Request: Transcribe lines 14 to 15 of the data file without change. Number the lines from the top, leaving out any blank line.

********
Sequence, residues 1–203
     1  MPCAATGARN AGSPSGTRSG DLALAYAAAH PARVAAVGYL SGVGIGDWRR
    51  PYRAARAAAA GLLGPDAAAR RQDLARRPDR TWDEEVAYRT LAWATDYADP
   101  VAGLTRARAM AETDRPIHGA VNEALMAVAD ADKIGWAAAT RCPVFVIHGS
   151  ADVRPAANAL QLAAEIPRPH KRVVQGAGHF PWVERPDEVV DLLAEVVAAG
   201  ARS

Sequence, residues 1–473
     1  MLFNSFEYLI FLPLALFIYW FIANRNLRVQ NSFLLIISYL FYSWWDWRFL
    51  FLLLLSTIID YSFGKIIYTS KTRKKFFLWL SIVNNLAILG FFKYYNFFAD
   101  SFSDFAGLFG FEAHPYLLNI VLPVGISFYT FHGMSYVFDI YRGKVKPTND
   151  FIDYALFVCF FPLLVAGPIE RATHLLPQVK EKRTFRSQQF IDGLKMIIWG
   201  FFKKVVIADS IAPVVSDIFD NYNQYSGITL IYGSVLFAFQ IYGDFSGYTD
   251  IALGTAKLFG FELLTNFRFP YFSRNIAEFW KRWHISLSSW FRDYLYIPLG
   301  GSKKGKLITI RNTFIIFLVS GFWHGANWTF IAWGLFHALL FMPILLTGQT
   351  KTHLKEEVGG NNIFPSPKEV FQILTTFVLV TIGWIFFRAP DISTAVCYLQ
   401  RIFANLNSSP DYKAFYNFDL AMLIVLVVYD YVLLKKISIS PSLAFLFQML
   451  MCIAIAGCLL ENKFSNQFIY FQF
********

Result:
   301  GSKKGKLITI RNTFIIFLVS GFWHGANWTF IAWGLFHALL FMPILLTGQT
   351  KTHLKEEVGG NNIFPSPKEV FQILTTFVLV TIGWIFFRAP DISTAVCYLQ